Sunday, January 18, 2009

History pai Thailand

History pai Thailand : Pai (Thai: ปาย) is a small town in northern Thailand near the Myanmar border, north of Chiang Mai on the northern route to Mae Hong Son. It lies along the Pai River. The town has thesaban tambon status and covers parts of the tambon Wiang Tai of Pai district.

Unless otherwise indicated, the information in this section is based on local Pai resident Thomas Kasper's history of Pai

The area of modern-day Pai has been inhabited for more than 5,000 years. About 2,000 years ago, the Lua (or Lawa) Tribe was the dominant ethnic group all over the area of today's northern Thailand, and a few of their descendants still live in villages only about 20km away from Pai.

The recorded history of Pai the area starts about 800 years ago with the establishment of a settlement (today known as Ban Wiang Nuea) about 3km north of modern-day Pai. Ban Wiang Nuea was founded in 1251 AD by Shan immigrants from the region of modern-day northern Burma. Due to the area's remoteness and seclusion, people in those times were mainly cut off from news of the outside world and therefore not much concerned with the politics of Lanna and the rest of Thailand. That changed drastically in the course of the 14th and 15th century, when the first settlers arrived from Chiang Mai. It was part of Lanna policy of the time to send citizens loyal to the Lanna throne to the outposts of the empire, in order to consolidate and affirm Lanna's territorial authority. The result was a conflict that eventually led to a series of wars over territorial dominance in the Pai area. The Lanna troops finally defeated the Shan soldiers in 1481, forcing them to retire to Burmese territory. The Shan families who had lived in the area for a long time, establishing households, farming their land and raising their families, were granted permission to stay by the Lanna prince, along with a certain degree of cultural and social autonomy under the law and authority of the Lanna kingdom. Ban Wiang Nuea as a result became a village sharply divided into two parts by a wall into a "Shan" part and a "Lanna" part.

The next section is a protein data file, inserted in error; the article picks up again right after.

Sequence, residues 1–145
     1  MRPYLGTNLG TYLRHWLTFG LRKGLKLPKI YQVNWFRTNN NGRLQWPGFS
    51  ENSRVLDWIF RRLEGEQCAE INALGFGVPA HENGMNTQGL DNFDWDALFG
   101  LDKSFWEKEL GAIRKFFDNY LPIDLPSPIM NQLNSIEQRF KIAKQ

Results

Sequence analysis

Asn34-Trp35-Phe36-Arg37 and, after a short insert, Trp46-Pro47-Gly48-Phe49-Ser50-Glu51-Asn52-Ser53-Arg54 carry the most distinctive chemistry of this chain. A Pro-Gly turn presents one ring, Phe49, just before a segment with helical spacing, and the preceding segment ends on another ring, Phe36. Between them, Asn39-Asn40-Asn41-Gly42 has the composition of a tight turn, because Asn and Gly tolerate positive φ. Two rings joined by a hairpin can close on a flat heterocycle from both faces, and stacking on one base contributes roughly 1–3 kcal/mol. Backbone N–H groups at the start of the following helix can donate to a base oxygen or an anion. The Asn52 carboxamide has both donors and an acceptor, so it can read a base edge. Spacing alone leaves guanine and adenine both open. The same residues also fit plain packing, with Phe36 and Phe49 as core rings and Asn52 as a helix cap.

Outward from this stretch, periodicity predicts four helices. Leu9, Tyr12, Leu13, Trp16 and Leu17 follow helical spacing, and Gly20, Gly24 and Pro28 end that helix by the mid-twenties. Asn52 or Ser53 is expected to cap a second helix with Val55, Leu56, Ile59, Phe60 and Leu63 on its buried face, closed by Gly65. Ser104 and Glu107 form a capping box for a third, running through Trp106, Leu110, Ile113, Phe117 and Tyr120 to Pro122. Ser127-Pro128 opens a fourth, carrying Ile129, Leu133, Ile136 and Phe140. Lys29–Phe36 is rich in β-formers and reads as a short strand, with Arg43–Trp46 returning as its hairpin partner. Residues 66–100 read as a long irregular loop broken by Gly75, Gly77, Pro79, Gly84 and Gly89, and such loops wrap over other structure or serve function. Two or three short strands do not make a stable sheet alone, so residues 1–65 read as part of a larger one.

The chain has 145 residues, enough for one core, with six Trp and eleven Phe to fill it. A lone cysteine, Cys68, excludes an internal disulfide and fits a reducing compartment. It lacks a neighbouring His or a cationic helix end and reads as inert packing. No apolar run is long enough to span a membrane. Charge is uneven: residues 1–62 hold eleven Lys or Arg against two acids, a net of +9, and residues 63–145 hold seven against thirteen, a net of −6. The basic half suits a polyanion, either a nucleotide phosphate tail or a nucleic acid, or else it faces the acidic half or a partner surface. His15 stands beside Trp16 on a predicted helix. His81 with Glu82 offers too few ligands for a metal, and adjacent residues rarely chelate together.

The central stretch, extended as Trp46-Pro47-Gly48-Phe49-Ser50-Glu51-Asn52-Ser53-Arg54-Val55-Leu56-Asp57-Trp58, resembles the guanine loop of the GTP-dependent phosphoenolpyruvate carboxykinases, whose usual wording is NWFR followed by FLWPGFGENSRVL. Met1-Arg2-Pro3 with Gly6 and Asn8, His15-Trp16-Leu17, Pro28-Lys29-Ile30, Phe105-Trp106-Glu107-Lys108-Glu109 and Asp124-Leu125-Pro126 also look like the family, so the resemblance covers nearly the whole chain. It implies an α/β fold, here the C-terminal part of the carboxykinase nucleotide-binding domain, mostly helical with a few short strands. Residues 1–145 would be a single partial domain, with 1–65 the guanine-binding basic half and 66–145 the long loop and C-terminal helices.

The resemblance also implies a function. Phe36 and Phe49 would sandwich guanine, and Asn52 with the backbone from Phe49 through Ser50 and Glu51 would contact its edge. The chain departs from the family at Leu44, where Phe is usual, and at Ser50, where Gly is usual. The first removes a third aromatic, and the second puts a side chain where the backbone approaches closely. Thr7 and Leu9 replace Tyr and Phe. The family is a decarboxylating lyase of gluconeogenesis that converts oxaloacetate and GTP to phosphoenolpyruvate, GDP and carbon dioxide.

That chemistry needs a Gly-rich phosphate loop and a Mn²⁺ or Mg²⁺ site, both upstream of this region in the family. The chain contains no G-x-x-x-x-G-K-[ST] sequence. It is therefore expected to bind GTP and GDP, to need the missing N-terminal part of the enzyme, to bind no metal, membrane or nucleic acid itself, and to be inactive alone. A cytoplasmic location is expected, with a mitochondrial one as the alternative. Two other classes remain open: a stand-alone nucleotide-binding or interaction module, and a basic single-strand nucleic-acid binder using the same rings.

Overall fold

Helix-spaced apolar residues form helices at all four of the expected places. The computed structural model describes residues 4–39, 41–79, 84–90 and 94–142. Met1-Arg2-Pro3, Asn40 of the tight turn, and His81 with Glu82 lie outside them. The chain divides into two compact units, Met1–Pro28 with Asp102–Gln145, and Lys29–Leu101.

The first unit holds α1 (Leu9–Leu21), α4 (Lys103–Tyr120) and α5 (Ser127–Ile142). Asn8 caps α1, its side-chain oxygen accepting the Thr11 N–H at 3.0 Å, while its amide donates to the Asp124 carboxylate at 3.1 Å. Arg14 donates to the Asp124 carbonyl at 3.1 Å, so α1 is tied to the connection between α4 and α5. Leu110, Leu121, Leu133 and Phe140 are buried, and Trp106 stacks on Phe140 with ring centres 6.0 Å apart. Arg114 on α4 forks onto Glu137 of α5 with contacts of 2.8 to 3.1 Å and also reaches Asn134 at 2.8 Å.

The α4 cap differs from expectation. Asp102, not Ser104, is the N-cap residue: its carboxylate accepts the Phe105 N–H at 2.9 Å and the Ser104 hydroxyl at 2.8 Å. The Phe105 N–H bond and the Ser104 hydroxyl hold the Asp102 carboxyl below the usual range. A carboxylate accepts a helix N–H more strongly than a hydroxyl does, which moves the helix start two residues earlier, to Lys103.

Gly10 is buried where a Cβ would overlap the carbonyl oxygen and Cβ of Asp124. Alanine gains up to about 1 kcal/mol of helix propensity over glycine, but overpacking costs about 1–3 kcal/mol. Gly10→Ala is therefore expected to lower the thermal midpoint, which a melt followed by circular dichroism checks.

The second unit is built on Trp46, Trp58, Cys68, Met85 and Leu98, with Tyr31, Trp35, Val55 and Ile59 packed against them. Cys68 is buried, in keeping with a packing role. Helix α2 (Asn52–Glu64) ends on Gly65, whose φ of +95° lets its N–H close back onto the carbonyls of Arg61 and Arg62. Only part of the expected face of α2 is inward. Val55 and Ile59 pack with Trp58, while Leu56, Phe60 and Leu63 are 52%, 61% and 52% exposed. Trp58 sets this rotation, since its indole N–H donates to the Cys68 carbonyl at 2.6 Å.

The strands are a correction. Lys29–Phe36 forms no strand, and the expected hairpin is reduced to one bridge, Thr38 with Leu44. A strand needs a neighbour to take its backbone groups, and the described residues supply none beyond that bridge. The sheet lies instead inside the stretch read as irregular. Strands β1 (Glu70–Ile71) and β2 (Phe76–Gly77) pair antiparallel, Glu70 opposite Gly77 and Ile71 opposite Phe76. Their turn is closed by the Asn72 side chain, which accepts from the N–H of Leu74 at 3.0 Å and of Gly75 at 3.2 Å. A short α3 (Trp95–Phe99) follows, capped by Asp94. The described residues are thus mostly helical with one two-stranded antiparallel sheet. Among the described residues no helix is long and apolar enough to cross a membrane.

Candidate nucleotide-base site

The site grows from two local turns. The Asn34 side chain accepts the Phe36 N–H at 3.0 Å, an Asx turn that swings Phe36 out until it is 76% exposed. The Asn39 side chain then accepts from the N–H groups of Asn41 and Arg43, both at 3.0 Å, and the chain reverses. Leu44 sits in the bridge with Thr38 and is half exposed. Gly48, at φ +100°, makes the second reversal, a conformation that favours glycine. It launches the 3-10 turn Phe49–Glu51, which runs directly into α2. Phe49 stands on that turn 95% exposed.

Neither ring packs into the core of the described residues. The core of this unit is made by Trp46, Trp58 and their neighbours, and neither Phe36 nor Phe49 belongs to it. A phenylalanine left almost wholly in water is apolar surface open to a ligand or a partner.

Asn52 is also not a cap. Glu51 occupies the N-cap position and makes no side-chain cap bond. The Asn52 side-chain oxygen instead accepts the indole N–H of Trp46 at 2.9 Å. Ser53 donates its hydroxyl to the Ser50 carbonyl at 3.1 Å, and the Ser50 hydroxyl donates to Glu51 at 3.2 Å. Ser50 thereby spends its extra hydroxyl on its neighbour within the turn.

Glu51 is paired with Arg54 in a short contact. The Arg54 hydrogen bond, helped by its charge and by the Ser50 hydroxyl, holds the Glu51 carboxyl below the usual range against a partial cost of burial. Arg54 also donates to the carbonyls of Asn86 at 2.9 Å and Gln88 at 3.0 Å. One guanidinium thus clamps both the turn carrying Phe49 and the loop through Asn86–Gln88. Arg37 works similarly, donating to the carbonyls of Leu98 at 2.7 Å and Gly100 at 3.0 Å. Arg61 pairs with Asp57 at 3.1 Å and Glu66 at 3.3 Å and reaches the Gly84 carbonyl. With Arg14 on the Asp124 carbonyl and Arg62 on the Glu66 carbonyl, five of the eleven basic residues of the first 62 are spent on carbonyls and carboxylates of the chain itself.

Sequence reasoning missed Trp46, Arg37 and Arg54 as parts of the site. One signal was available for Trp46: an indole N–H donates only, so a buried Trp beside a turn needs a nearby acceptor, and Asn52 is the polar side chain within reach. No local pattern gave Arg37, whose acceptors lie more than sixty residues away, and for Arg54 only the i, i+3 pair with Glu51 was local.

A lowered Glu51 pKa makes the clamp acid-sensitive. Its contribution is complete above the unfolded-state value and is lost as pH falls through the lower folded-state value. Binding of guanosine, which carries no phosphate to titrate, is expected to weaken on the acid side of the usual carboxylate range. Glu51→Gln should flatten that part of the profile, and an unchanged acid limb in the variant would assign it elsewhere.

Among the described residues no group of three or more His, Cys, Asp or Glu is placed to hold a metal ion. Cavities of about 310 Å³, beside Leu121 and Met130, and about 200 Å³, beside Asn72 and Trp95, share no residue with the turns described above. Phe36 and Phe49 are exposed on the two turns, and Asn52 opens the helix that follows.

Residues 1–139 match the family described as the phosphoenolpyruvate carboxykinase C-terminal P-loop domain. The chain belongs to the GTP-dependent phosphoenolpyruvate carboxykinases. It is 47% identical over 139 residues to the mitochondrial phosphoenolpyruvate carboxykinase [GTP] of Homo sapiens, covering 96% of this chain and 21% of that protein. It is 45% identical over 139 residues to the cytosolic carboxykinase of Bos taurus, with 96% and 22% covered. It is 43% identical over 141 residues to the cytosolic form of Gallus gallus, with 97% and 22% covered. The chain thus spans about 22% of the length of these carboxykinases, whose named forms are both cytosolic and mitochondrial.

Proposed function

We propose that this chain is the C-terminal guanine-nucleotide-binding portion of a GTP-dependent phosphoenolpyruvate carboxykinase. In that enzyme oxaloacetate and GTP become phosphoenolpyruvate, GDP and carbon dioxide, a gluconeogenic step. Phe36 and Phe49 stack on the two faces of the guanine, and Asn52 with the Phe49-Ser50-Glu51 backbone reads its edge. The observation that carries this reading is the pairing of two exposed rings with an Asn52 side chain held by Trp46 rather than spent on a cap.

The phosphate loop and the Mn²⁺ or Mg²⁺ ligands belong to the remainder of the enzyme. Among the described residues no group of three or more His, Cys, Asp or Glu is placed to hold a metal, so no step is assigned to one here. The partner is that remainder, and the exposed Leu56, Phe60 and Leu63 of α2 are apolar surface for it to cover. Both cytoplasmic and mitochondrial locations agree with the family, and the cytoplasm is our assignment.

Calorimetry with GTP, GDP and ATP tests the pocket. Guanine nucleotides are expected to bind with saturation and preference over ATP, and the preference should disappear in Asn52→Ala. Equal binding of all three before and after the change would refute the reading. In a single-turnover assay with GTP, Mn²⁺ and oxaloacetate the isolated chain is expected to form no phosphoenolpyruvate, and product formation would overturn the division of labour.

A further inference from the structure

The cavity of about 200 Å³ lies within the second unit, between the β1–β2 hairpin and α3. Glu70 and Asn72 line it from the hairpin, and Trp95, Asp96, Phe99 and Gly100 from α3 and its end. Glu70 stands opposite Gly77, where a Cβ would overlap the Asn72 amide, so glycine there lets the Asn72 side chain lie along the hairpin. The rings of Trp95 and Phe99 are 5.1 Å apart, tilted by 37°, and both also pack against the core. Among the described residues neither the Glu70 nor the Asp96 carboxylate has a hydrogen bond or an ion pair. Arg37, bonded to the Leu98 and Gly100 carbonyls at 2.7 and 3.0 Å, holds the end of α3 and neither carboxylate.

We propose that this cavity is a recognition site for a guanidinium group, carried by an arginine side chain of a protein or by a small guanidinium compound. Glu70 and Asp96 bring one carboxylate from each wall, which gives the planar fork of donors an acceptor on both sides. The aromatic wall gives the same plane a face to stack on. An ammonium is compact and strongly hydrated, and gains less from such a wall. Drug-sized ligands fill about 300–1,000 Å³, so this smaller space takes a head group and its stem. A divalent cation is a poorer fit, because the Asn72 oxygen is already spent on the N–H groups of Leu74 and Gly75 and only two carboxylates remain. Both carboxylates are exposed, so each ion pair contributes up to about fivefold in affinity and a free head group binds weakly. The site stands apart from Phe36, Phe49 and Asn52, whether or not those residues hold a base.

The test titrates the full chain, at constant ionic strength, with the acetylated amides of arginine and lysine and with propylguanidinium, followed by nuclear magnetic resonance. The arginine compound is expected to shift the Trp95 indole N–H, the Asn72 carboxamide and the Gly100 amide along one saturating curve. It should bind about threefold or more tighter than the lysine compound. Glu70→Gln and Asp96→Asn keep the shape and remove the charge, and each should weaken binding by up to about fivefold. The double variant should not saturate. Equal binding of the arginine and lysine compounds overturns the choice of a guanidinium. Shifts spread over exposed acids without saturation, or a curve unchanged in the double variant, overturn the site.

In the second half of the 19th century, colonial powers France and England, who had already established their influence in Vietnam, Cambodia, Laos and Burma, were viewing the area of modern-day Thailand with increasing interest. To consolidate Siam's influence and authority in the northern border region, the royal house encouraged Northern Thais from provinces like Payao, Lamphun and Nan to migrate to those areas. The result again was conflict: the last fight between Lanna Thai and Shan in Ban Wiang Nuea took place in 1869, when Lanna soldiers finally defeated their Shan opponents in a battle that ended with the total destruction of the village. The entire village was burnt to the ground. All structures standing in Ban Vieng Nuea today are the result of the subsequent rebuilding efforts of the villagers.

There was already a "road" (that took up to a week to traverse) leading from Chiang Mai to Pai in the late 19th century. Many of the new immigrants chose to settle in the area of the connecting road to Mae Hong Son, south of the village of Ban Wiang Nuea. This settlement was known as Ban Wiang Tai, and it developed into the modern town we know as Pai.

During World War II , the Japanese began several projects to create efficient troop and equipment transport routes between Thailand and Burma, and (in addition to the well-known Death Railway through Kanchanaburi) one of these projects was the improvement of the existing "road" from Chiang Mai through Pai and Mae Hong Son. A wood and steel bridge built by the Japanese still stands about 10 km from Pai on the road to Chiang Mai, just parallel to the bridge later built in the course of more recent road improvement projects by the Thai government. As it turned out, just about when the Japanese supply line reached Burma, the war was over.

The Thai government started developing the road leading from Chiang Mai via Pai to Mae Hong Son, known today as Route 1095, in 1967, but didn't finish paving the route until the early- to mid-1990s.

Pai's recent history is one of waves of migration: in addition to the aforementioned waves of old Shan and Lanna immigrants, Karen immigrants arrived in the 18th century, Lisu and Lahu people from areas of southern China arrived in the early 20th century, Muslim families from Chiang Mai began arriving to establish trade businesses starting around 1950, a group of Kuomintang fleeing Mao Zedong established a community in Pai in the early 1960s, and finally a new wave of refugees from the Shan State of Burma have arrived in the last few decades, fleeing the turmoil caused by the Burmese Junta to work as laborers in Thailand.
History pai Thailand

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